Over the past four decades, ultrasonography has become an indispensable tool because of its safety, availability, and low cost. Accordingly, many specialties have incorporated ultrasonography into their core training programs for visualization of relevant organs and guidance of procedures (e.g., echocardiograms in cardiovascular medicine, pelvic ultrasounds in gynecology and obstetrics, thyroid ultrasounds in endocrinology, abdominal ultrasounds in trauma and emergency medicine).
In nephrology, ultrasonography is ideally suited for visualizing the kidneys, bladder, and blood vessels and is essential for the diagnosis and treatment of patients with kidney diseases. However, formal training in ultrasonography is rarely included in nephrology training programs. This article discusses the reasons why modern nephrologists should acquire this skill and how they can incorporate it into their daily practice.
Owing to their acoustic properties, the kidneys and urinary bladder are easily visualized by ultrasonography and present a limited spectrum of anatomic variations and pathologic conditions. The renal cortex, medulla, and collecting system are usually easily discernible, and pathologic changes correlate well with histologic findings (1). Sonography is indicated in the evaluation and diagnosis of renal failure (acute and chronic), hematuria, severe hypertension, pain, refractory urinary tract infections, and nephrolithiasis and in the screening for hereditary cystic diseases. It is particularly useful in the evaluation of chronic renal failure, where the findings of small kidneys or cortical thinning usually indicate irreversible damage, thereby avoiding further unnecessary evaluation and biopsy (2, 3).
Obstructive uropathy and polycystic kidney disease (as causes of renal failure) can be easily diagnosed or excluded, and other disorders such as nephritis, amyloidosis, and chronic pyelonephritis can be suspected. The utility of sonography is more limited in the evaluation of acute renal failure in native kidneys, when clinical and urinary sediment features strongly point toward acute tubular necrosis, volume depletion, and urinary obstruction (4). However, ultrasonography remains indicated for acute renal failure in known solitary kidneys and transplanted kidneys, where urinary obstruction is a common and unpredictable cause of renal failure (5). Sonography also plays a central role in percutaneous renal biopsy, insertion of hemodialysis catheters, preoperative vein mapping, and evaluation of arteriovenous grafts and fistulas.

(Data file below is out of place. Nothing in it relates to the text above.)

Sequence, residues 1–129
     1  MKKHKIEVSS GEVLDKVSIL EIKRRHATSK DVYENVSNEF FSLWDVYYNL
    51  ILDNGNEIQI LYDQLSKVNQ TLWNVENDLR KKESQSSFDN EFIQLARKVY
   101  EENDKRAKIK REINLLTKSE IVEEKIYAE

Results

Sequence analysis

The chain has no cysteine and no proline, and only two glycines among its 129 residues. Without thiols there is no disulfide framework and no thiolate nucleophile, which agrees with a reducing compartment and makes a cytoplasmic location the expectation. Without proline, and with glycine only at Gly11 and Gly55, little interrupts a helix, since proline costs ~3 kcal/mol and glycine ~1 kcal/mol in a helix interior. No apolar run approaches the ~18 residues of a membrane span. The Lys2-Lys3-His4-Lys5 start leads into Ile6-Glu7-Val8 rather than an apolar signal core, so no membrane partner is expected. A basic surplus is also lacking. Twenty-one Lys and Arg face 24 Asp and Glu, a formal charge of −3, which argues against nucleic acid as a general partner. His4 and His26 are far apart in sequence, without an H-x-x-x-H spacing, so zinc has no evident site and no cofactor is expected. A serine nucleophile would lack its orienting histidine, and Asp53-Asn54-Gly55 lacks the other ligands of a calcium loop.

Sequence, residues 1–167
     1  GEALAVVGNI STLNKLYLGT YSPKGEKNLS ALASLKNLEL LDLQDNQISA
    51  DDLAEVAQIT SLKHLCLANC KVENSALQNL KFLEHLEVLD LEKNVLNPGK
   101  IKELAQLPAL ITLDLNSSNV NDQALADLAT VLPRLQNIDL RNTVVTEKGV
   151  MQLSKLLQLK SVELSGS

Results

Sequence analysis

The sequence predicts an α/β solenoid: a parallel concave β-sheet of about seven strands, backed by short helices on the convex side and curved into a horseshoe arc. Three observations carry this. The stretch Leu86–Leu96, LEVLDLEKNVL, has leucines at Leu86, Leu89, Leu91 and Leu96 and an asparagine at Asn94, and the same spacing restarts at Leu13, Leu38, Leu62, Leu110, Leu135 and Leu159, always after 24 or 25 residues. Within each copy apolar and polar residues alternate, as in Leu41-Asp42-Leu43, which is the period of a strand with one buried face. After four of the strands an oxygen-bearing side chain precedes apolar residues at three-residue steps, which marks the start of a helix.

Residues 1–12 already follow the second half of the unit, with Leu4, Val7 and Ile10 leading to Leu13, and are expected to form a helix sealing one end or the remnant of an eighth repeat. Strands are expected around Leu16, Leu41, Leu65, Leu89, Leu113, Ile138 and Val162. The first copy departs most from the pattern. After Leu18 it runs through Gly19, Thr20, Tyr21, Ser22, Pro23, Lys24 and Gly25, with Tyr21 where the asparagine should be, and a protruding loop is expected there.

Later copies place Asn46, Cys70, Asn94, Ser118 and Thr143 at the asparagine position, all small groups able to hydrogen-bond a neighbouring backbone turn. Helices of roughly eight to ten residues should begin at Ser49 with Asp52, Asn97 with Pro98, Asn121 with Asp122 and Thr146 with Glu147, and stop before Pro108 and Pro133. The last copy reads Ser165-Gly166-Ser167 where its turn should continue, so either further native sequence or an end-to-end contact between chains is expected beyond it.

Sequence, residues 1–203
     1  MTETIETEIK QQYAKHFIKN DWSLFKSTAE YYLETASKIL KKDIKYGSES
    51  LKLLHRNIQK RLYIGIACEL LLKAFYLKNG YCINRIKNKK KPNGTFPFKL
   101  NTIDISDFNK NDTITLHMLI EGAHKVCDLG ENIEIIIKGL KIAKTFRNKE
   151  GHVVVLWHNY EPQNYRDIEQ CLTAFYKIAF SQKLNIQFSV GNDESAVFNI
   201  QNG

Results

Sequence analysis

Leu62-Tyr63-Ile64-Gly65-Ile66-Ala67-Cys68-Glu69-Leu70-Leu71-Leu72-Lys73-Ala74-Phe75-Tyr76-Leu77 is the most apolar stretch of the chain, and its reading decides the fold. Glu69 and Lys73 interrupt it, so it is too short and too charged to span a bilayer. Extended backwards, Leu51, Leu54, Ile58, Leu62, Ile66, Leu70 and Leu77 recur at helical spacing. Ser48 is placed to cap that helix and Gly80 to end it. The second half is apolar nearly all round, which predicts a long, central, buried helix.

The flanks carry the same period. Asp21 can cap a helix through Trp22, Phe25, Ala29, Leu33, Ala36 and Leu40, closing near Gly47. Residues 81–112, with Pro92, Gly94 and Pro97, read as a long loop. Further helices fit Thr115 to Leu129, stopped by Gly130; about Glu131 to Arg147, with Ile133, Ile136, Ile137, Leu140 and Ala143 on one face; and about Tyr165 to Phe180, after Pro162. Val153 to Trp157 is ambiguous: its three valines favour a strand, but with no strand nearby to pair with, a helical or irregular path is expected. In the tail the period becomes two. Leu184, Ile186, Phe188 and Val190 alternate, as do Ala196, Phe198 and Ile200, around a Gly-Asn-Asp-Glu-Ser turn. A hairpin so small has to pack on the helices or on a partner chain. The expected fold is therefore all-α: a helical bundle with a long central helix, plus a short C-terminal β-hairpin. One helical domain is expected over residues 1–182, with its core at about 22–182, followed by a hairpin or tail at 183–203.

Nephrologists can effectively improve patient care by incorporating sonography into their practice, thereby increasing patient convenience, expediting patient care, and providing improved scanning and interpretation (6). By performing ultrasonography during evaluation of patients in the office, nephrologists can make a prompt diagnostic assessment and take therapeutic steps that ultimately improve patient care and satisfaction by avoiding unnecessary waiting time, multiple trips to different locations, or additional testing and hospital admissions. As a simple example, urinary retention can be excluded noninvasively, eliminating the discomfort of catheterization.
Incorporating ultrasonography into nephrology practices streamlines the evaluation of the patient and increases the physician’s efficiency. In the outpatient setting, delays associated with scheduling ultrasonography and obtaining results can be avoided because the sonogram can be performed and interpreted during the patient’s visit.
Ultrasonography also enhances the ability of nephrologists to perform important procedures on our patients. It is indispensable for guiding central venous catheter insertion, substantially shortening the required time and significantly reducing the risks of complication. Sonography is the imaging modality of choice for performing percutaneous renal biopsies because of its low cost and lack of radiation. It also enables biopsies to be performed by nephrologists at the bedside, enhancing patient and physician convenience. Most renal biopsies are performed under computed tomographic guidance despite the increased cost and radiation exposure and the lack of data showing any advantage over ultrasound guidance (7). An additional advantage of ultrasound in this setting is that a patient whose condition is otherwise stable can be safely discharged after observation without an overnight hospital stay if a postbiopsy ultrasound is normal (8).